|Citation:||Vasudeva P, Kumar G, Singh H, Kumar N, Patel M Cystoscopic light assisted mucosa sparing laparoscopic urachal cyst excision. www.ceju.online/journal/2016/urachal-cyst-laparoscopy-cystoscopy-855.php|
|Key Words:||cystoscopy • laparoscopy • urachal cyst|
Urachus is the embryological remnant of the allantois that connects the fetal bladder to the umbilicus. It usually obliterates in the 5th month of gestation, giving rise to the median umbilical ligament.
Several types of urachal anomalies have been described including urachal cyst, patent urachus, diverticulum, and sinus, of which urachal cysts is the most common anomaly, occuring in approximately 1/5,000 births. Urachal cysts are usually asymptomatic but may present as acute abdomen (secondary to infection), and become palpable.
We performed a light assisted mucosa sparing laparoscopic excision of a urachal cyst in a 24-year-old girl who presented with lower abdominal midline swelling. MR of the abdomen and pelvis revealed an anterior midline urachal cyst located just superior to the bladder that measured 6.2 x 4.5 cm. Management options of the urachal cyst were discussed with the patient and she was planned for laparoscopic excision.
On the table, cystoscopy and cystography were performed initially to identify any possible connection between the bladder and the urachal cyst. The patient was placed in the dorsal lithotomy and Trendelenberg position.
Peritoneal access was obtained using the open Hasson technique with placement of the 12-mm camera port in the midline using a vertical incision halfway between the umbilicus and the xiphoid process .
After creation of pneumoperitoneum, two additional ports (12 mm each) were inserted under direct vision at the anterior axillary lines just above the leve l of the umbilicus (one on each side).
Dissection began with lysis of the omental adhesions. After adhesiolysis, both the obliterated umbilical arteries were cauterized and divided to gain access to the anterior bladder wall. The urachal cyst was dissected from the anterior abdominal wall and mobilized all around, except at its attachment to the bladder, using a harmonic scalpal. The cystoscopy was carried out at this stage to visualize the demarcation between the cyst and the bladder wall with the help of a cystoscopic light. The bladder was kept partially distended to assist dissection between the bladder mucosa and cyst wall. Under cystoscopic light guidance, the cyst was dissected from the bladder wall without opening the bladder mucosa . The bladder was distended via the Foley catheter to ensure that there was no rent in bladder mucosa. The muscle defect was closed by running a 3-0 vicryl suture. The cyst was decompressed after taking it in an endobag and delivered from camera port. The Foley catheter was kept indwelling for 24 hours.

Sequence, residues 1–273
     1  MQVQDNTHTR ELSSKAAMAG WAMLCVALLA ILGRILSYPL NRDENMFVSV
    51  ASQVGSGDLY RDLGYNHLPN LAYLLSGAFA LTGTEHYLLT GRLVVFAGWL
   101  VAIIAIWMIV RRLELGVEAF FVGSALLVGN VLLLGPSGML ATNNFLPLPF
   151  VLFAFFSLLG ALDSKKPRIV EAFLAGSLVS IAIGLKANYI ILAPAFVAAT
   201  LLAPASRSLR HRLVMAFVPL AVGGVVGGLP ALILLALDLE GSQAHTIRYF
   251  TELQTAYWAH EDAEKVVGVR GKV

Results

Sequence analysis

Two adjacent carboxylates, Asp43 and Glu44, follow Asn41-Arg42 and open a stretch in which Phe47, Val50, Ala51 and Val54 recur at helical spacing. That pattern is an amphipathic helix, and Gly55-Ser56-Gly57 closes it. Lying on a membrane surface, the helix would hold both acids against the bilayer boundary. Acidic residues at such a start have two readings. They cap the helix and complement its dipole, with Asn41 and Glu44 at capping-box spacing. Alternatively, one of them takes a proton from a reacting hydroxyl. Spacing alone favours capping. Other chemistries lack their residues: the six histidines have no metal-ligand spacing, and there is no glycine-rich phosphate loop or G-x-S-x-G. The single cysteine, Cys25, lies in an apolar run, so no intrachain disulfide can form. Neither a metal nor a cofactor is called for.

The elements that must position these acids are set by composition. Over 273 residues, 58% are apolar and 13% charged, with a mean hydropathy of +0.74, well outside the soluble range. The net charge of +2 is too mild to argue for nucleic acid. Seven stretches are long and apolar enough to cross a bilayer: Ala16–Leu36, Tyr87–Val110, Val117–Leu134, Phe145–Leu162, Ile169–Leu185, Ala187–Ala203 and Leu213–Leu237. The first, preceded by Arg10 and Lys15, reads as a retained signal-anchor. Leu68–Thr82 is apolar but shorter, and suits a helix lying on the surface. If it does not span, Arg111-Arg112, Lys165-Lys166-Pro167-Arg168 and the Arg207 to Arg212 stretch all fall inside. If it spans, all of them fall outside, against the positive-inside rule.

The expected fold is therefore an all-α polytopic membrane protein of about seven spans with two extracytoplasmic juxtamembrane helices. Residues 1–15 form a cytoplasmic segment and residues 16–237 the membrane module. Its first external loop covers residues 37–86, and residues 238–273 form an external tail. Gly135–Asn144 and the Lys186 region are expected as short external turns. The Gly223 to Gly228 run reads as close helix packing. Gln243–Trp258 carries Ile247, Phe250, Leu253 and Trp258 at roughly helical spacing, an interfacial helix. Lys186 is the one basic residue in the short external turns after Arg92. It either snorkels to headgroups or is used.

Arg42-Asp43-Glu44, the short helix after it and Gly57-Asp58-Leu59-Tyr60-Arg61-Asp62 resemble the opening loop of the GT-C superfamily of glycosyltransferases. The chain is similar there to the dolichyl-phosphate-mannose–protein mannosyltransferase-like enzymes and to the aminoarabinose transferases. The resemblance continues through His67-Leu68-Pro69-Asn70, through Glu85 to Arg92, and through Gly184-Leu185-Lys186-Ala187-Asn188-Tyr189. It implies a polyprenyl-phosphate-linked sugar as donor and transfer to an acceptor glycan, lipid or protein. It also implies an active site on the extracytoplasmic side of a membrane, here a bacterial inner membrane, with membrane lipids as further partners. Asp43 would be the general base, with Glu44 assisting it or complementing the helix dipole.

Histopathological examination of the cyst confirmed the presence of a benign urachal cyst with chronic inflammatiory changes.
Urachal cyst is an uncommon urachal anomaly having delayed presentation due to non specific signs and symptoms. Complete excision of the cyst is the treatment of choice.
Laparoscopic excision is increasingly being used with results comparable to open surgery with the advantages of a minimally invasive approach. Light guided mucosa sparing laparoscopic cyst excision is a novel technique which, in addition to being minimally invasive, will also reduce the complications associated with opening of bladder mucosa such as urinary leakage and bleeding, as well as having a shorter catheter time.
Submitted: 15 May, 2016
Published online: 29 August, 2016
|Conflicts of interest: The authors declare no conflicts of interest.|